Pub group drops glass ban action

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Related tags: Glass, Glasgow licensing board

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The Scottish Beer and Pub Association has dropped its legal battle over a proposed glass ban and is to receive compensation for its court costs.

The Scottish Beer and Pub Association has dropped its legal battle over the proposed Glasgow-wide glass ban and is to receive compensation for its court costs.

The SBPA had sought a judicial review of the board's plan for a full ban in all licensed premises.

However, after a u-turn which saw only a partial ban implemented it called for compensation for the cost of raising the action.

Glasgow Licensing Board changed its policy just days before the judicial review was due to be heard.

The board has now been told to pay 80% of the costs of the SPBA's action.

The city's current ban means drinks have to be served in plastic or toughened glasses in all venues with entertainment licences.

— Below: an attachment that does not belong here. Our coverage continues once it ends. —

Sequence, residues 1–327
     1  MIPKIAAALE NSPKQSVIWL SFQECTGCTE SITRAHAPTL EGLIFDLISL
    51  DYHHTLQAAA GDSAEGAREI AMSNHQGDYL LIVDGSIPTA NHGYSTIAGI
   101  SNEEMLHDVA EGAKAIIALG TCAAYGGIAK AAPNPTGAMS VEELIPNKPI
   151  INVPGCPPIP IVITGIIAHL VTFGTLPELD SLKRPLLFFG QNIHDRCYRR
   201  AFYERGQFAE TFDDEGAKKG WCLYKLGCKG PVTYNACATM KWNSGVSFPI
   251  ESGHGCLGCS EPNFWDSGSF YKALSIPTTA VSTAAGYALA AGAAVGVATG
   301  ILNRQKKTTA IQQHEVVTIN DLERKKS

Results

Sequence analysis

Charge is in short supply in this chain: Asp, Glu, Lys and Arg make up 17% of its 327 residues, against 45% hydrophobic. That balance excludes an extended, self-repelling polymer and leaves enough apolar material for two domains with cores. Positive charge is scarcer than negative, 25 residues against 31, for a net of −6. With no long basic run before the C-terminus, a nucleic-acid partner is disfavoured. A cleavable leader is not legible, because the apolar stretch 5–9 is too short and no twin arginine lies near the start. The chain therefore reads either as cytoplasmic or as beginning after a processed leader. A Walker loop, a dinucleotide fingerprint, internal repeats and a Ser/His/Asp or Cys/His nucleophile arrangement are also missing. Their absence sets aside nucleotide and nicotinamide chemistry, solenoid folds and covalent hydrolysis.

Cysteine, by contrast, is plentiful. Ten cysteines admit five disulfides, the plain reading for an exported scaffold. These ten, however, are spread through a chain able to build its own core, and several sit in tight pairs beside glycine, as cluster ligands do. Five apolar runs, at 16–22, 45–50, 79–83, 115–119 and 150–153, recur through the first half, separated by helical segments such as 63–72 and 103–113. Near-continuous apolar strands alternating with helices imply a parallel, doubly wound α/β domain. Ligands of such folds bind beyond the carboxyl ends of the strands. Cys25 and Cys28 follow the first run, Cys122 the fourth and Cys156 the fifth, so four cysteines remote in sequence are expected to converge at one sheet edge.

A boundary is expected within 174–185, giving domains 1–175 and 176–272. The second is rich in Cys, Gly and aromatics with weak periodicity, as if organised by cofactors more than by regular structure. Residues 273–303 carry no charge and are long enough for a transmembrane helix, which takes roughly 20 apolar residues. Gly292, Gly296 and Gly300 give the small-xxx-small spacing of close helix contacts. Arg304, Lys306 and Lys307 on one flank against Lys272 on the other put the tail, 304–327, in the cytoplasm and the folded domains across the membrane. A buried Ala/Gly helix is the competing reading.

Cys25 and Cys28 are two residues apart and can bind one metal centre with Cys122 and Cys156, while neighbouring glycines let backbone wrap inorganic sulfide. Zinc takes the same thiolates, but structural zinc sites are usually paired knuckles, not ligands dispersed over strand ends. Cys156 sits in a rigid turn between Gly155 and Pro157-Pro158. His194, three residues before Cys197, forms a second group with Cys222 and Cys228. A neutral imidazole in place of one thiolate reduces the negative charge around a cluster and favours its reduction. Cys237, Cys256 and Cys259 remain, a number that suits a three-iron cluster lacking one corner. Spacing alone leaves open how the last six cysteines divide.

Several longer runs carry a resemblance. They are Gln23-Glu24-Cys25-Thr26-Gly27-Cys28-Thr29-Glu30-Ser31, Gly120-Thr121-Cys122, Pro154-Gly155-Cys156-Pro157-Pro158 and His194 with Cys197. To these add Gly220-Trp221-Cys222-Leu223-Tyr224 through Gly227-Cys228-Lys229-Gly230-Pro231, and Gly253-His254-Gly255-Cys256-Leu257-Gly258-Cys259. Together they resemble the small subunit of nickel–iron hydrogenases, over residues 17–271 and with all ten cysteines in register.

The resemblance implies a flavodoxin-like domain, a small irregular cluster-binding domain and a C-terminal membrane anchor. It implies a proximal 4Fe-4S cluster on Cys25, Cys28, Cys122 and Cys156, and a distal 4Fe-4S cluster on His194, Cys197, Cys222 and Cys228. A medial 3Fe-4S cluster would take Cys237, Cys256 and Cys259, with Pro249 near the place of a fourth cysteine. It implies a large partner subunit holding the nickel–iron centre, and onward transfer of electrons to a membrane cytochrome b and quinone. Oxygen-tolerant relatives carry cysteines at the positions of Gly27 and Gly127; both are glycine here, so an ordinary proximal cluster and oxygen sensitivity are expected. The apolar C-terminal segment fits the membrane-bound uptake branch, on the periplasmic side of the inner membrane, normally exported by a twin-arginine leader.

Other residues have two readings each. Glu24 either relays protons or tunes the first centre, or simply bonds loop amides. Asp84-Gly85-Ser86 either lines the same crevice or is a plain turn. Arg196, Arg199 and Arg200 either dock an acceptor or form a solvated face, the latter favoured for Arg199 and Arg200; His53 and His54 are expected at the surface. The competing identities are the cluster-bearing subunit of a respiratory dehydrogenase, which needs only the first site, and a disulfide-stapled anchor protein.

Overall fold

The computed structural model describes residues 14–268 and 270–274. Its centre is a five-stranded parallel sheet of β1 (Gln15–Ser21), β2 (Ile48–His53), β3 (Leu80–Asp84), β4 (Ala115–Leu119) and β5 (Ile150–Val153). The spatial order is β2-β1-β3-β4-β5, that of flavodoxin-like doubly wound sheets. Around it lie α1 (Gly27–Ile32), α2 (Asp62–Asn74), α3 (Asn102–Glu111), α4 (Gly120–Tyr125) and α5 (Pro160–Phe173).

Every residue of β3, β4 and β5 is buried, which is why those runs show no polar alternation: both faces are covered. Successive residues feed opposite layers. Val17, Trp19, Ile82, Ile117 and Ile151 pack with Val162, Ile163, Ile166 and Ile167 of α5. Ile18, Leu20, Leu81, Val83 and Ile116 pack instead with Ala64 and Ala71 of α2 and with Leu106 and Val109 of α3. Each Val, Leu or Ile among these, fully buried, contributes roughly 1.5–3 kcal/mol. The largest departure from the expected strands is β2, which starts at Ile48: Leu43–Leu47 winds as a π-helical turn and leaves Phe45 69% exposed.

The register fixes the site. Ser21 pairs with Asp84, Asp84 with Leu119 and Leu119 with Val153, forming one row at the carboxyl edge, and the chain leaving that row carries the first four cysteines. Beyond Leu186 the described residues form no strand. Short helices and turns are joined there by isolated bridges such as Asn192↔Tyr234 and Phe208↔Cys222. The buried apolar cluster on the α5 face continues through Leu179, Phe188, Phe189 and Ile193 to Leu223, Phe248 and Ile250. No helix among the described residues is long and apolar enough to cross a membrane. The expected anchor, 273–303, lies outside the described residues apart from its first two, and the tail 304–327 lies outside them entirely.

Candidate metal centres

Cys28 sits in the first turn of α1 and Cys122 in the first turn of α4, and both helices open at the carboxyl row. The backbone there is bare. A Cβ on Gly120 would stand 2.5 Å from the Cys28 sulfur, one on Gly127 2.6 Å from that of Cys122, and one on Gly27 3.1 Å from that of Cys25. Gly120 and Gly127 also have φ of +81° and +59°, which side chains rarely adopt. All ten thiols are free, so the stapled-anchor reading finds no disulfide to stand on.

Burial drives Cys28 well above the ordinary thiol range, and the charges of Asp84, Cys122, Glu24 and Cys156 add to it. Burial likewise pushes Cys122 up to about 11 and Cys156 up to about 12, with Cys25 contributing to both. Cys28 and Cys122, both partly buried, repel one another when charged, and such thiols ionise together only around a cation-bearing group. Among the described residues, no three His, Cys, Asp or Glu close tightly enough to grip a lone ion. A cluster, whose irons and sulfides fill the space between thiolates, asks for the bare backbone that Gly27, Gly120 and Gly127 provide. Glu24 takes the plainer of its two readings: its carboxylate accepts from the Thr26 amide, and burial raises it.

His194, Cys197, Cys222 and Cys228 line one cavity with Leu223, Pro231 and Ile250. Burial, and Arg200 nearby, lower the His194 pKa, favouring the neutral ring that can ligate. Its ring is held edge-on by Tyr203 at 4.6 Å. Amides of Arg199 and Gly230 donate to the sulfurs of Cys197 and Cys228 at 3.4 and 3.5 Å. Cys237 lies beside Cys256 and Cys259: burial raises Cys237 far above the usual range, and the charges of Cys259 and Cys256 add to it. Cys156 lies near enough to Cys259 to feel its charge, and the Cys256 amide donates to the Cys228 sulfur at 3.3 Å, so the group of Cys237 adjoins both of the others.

We believe that the use of plastic bottles or toughened glass is best determined on a premises by premises basis where problems exist​Patrick Browne, SBPA chief executive.

There were concerns that a blanket ban would give the wrong impression of the city's pubs and clubs.

Patrick Browne, SBPA chief executive, said: "We always recognised that the licensing board in Glasgow was acting in good faith in trying to address the issue of 'glassing' incidents in the city.

"But we believed that the board's original attempt to have a blanket use on the use of toughened glass was wrong and outside of the board's powers.

"We believe there are still practical issues as to how the new policy will apply in Glasgow and we would hope that the Glasgow Licensing Board will continue to keep its policy under review in light of any issues that are raised."

He added: "The industry remains in full support of policies designed to target and tackle the violent thugs who use glass as a weapon, but we believe that the use of plastic bottles or toughened glass is best determined on a premises by premises basis where problems exist, and not across the board as was originally attempted."

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